Drivetrain Rear end Question

Aoneill5.0

Member
Sep 30, 2022
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EASTERN CANADA
Hi

recently bought 89 GT

Found a rear end repair Reciept with some details

it came into the shop locked up

mechanic replaced gears with 373
Shimmed up everything and kicked it out the door,
It’s still the 8.8

anyway I have been driving the car, no real issues except that I noticed only 1 rear wheel spin.
Drivers side mostly unless on gravel

anyway I jacked up the rear, spun each wheel expecting to see the other go opposite
But no, I the other tries to go same direction but won’t, fast spin or slow..

can someone tell me from this, do you believe the diff is a locker, limited slip or standard diff

seems like there may be clutches in there just worn maybe??
Thanks

Andy
 
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Rdub6

So while I wait to figure out my rear end issues
5 Year Member
Dec 29, 2017
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I don’t have a ton of experience with this, but I did just recently rebuild my own rear end. I painstakingly watched videos and read articles during the process, and in the end, it runs awesome. I would bet that all they did was change the gears and throw it back together. I’d say that your clutches are shot and need to be redone.
 

Jimmer009

Member
Jan 4, 2022
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Ny
So the rear end in the mustang is a limited slip. It is a crappy version of one though. There are clutches on both sides that you can replace. But buy a trac lok if you want posi. It's a great way to spend 4-500$.

Rear end gears are something I grown into. The 8.8 is actually easier than say a 9 inch. If you have the capability to torque the crush sleeve it's about 220ftlbs. Then you have to use a dial caliper to measure play in the gears then paint them and spin it for like 10 minutes. It's definitely doable if you have the tools and a afternoon and some ocd helps. Also YouTube will/can walk you threw it in like 8 different languages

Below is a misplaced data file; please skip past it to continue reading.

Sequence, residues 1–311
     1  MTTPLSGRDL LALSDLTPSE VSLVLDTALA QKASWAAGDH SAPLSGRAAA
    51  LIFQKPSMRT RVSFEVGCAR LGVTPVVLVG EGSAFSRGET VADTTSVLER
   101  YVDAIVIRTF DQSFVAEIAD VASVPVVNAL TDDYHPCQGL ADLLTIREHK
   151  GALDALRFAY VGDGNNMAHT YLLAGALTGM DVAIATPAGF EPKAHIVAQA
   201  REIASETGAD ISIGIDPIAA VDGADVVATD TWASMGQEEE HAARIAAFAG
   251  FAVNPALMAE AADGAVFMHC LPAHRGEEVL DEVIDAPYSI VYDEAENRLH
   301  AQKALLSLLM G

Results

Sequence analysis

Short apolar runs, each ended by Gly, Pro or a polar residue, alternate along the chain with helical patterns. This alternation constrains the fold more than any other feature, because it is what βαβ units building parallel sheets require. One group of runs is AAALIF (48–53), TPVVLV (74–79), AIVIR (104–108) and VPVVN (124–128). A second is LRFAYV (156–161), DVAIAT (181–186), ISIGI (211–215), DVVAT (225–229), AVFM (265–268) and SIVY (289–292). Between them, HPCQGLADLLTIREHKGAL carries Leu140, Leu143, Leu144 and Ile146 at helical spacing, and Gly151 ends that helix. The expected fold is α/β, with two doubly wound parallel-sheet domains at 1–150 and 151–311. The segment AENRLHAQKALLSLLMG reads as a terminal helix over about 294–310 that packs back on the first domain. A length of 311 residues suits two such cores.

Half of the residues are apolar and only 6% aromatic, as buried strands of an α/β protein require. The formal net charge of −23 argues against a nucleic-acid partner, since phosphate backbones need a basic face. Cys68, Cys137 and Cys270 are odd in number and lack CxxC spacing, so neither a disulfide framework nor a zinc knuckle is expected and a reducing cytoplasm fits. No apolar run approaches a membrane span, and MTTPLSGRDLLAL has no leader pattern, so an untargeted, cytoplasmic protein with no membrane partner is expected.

96pushrod

I think they're a little easier to get off
May 15, 2018
1,478
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Savannah
That gt should have a trac lok in it. As stated it probably just needs the clutches replaced. You can buy the carbon clutch rebuild kit from ford performance and do it yourself, or find someone who has experience doing them and get a hand.

They’re actually pretty stout If rebuilt with the carbon clutches
 

Bullitt347

I have been doing it wrong this whole time
15 Year Member
Mar 23, 2007
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The 8.8 is actually easier than say a 9 inch.
I completely disagree with this statement. I can set up a 9" on the bench. You can not do that with a 8.8". I can change pinion depth on a 9" and never have to press the pinion bearing on and off to access the shim, unlike a 8.8". I can change backlash on a 9" and never have to change the carrier shims, unlike a 8.8". The only advantage the 8.8 has is that it is an overall lighter assembly and the pinion placement is more ideal. Otherwise the 9" is not only the stronger rear assembly but by far the easiest to work on. I can have another 3rd member assembled and ready to swap out with a 9" while the 8.8" would require complete disassembly to swap gears
All that being said, I run a 8.8" for the reasons stated above, it is lighter and because of pinion placement it takes less HP to operate. It can also be built to take a ton of power, but still not anywhere near the power level of a 9"
 
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limp

wrap a little cheese around it and its a done
Oct 4, 2020
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Bullitt347, I still think the 8.8 is easier. You have some good points and and knowledge about them. But let's stay on topic, as it don't matter witch axel we prefer.
Lets stay on topic.... LOL...
DSCF0957.JPG
 
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Bullitt347

I have been doing it wrong this whole time
15 Year Member
Mar 23, 2007
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Bullitt347, I still think the 8.8 is easier. You have some good points and and knowledge about them. But let's stay on topic, as it don't matter witch axel we prefer.
Lol. You are the one that brought up the 9"
I replied to your premise.
I disagreed with that premise and gave the reasons why.
I even said I run a 8.8" rear end. It is in a 1,300 HP car.
So...yeah.
 
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